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Special evaluations can help seniors cope with cancer care



Nancy Simpson had her first breast cancer treatment, count backward from 20 and repeat a silly phrase.

It's all part of a special patient's test starting to catch on among cancer doctors. Specialists call these tests for geriatric assessments mental fitness, along with emotional and social well-being.

To avid walker with a strong network of nearby family and friends, Simpson, now 80, says she "wanted to do the maximum I could handle "to fight her disease.

"It gave me encouragement. Then I felt like I am OK and I can get through this and want to get through this," said Simpson, who lives in Fairport, New York, near Rochester.

These tests have been recently recommended for cancer. In new guidelines, the American Society of Clinical Oncology recommends the evaluations for patients aged 65 and up, especially before making decisions about chemotherapy.

For example, in the case of chemotherapy might worsen, patients might be offered physical therapy first. Relatives or friends might be preparing for a meal or have a meal. And for those who want to avoid the hospital no matter what, treatment that could have put them there would have been avoided.

Almost 1

million U.S. adults aged 65 and older will be diagnosed with cancer this year, the American Cancer Society estimates. Nearly two-thirds of all cancer patients are in that age group. And yet, most cancer treatments stem from studies on younger, often healthier patients. That leaves doctors with limited information on how treatments will affect elderly patients. Geriatric assessments can help bridge that Supriya Mohile, a specialist in geriatric cancer at the University of Rochester Medical Center.

These tests may require 15 to 30 minutes or more and recent research, Mohile said ,

"We hear all the time about 'decision regret," she said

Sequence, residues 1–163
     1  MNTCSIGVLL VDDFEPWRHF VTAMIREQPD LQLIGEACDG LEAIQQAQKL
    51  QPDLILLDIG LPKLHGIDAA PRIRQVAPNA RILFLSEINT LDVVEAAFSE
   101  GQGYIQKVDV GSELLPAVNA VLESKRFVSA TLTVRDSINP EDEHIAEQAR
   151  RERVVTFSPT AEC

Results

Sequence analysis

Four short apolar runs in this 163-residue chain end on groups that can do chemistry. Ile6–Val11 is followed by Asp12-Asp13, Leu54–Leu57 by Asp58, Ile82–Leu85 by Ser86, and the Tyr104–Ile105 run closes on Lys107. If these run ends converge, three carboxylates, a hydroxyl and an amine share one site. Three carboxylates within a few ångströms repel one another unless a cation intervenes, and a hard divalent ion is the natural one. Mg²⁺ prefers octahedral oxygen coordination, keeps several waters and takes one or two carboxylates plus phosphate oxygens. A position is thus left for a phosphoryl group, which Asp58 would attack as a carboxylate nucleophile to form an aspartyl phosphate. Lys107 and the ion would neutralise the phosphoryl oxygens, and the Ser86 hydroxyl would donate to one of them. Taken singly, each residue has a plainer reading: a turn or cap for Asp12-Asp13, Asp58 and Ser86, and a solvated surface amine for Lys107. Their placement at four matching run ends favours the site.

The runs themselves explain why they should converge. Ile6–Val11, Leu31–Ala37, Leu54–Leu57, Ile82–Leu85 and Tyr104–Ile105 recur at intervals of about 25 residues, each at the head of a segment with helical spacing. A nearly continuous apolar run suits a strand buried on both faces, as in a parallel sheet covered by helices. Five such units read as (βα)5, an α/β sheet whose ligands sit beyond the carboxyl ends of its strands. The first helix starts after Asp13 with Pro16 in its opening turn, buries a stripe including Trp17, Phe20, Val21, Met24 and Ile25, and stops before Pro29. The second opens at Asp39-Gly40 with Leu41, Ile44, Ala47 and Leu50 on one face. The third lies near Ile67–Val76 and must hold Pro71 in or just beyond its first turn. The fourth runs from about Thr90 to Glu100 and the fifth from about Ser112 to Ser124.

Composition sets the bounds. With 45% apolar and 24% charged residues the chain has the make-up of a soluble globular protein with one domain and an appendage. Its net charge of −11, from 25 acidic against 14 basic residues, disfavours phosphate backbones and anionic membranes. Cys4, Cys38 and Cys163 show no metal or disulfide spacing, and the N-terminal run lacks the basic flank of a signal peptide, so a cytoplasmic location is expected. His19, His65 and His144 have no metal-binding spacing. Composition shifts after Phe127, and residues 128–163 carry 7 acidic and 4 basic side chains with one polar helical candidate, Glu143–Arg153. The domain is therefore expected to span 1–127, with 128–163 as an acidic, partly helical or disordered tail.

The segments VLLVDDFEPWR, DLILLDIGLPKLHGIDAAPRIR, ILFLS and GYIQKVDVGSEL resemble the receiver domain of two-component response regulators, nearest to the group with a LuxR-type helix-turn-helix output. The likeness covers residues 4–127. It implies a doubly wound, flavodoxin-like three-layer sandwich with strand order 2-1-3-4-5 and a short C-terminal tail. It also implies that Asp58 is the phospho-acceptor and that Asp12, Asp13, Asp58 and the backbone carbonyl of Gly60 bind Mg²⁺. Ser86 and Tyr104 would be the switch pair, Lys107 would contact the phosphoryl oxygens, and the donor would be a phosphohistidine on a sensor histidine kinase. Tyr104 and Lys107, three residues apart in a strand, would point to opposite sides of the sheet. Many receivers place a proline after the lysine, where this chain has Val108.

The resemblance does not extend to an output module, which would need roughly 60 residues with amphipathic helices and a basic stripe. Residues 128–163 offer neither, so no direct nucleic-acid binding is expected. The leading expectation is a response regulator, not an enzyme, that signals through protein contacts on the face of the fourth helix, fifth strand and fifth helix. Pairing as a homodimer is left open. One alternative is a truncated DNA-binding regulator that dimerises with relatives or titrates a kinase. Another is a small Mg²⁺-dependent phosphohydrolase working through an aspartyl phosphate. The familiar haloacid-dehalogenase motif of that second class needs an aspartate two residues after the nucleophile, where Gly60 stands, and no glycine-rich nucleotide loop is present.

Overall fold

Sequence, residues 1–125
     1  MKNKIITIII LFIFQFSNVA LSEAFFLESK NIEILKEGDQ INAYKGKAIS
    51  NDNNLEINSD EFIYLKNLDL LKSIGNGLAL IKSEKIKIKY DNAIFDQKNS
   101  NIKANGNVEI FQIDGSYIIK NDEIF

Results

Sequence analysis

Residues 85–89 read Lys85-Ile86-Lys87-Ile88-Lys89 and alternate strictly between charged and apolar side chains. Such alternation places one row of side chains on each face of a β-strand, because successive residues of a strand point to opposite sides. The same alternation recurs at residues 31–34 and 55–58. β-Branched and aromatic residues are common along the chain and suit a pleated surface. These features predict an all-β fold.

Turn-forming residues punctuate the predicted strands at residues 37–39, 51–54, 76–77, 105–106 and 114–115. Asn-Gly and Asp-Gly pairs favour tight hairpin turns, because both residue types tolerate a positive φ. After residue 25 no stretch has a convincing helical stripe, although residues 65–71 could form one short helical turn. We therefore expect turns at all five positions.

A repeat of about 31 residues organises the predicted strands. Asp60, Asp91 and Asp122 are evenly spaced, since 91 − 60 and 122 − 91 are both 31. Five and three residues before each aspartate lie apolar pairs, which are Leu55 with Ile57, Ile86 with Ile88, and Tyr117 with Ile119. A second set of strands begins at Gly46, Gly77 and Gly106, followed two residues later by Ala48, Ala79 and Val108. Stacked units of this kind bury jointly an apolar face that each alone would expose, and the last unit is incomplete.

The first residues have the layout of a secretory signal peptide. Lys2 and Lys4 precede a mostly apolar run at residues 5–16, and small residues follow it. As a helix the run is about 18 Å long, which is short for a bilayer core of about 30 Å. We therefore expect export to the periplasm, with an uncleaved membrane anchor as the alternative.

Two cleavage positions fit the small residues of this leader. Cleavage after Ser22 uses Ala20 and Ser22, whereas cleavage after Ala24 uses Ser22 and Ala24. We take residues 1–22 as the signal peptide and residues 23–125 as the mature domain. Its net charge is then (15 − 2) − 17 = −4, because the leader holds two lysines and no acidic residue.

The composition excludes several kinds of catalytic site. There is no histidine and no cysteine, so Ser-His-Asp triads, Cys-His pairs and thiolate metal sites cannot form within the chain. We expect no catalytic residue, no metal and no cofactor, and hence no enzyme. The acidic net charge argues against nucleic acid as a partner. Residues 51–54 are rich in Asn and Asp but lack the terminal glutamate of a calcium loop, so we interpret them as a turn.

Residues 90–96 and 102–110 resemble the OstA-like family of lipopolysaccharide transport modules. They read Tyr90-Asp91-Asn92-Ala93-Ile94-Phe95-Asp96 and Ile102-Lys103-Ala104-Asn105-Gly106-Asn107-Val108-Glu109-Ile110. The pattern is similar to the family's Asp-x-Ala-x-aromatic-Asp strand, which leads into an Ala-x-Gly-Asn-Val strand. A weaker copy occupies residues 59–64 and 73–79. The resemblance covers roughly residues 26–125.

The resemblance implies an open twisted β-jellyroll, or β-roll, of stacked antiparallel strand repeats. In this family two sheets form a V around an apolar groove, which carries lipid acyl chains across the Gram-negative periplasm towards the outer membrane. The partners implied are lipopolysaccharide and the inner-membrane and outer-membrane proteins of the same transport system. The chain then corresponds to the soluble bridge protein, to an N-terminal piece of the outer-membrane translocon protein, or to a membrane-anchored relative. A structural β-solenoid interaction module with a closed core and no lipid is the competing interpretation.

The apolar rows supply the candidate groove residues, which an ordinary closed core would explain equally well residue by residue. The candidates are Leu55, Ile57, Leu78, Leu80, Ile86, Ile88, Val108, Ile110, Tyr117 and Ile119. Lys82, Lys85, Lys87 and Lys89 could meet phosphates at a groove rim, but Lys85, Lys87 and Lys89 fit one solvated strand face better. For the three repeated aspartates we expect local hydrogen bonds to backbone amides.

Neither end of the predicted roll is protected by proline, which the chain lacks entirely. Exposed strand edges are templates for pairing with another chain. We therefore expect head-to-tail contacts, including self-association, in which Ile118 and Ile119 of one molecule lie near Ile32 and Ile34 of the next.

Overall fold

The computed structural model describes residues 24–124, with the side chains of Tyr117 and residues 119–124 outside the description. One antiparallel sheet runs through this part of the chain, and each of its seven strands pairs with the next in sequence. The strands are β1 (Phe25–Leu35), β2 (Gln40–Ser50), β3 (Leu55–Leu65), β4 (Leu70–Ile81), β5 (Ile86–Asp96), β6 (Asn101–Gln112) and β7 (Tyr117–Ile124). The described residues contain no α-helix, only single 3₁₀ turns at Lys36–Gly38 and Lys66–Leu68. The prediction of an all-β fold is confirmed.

Mohile co-authored a recent study that found just 1 in 4 US cancer specialists did the assessments. She said doctors say it takes too long and that patients do not want it. But you hears from patients and caregivers: "I'm so happy you're asking me about these things."

One of Mohile's colleagues did Simpson's evaluation, which showed she was strong enough to endure a standard, aggressive three-drug chemotherapy combo for breast cancer.

The evaluation showed "I was not in as bad as my age would indicate," Simpson said.

Her walking buddy and four

Treatment left: Simpson with hair loss, fatigue and excruciating mouth sores.

Cancer "gave me a different perspective on what is important in life and what is not and I'm still adjusting to that," Simpson said.

Dr. Hyman Must, a geriatrics specialist at the University of North Carolina's Lineberger Comprehensive Cancer Center says there's no question about the evaluation. Medicare wants to pay for yearly physical exams but not geriatric assessments, he said.

Advocates note that the patients can fill out at the doctor's office.

Beverly Canin, 84, of Rhinebeck, New York, became an advocate after declining chemotherapy following surgery for early breast cancer 20 years ago.

A 2015 medical report Canin co-authored a patient who had the opposite experience. The 92-year-old man with rectal cancer is admitted. The doctor would not tolerate rigorous chemotherapy and radiation because of his advanced age.

The patient managed well and what cancer-free two years later.

"We are more precise treatment," she said.

"The risks associated with aging adults traditionally are overtreatment and undertreatment." —

Follow AP Medical Writer Lindsey Tanner on Twitter at @LindseyTanner.

The Associated Press's Health & Science Department receives support from the Howard Hughes Medical Institute's Department of Science Education. The AP is solely responsible for all content.


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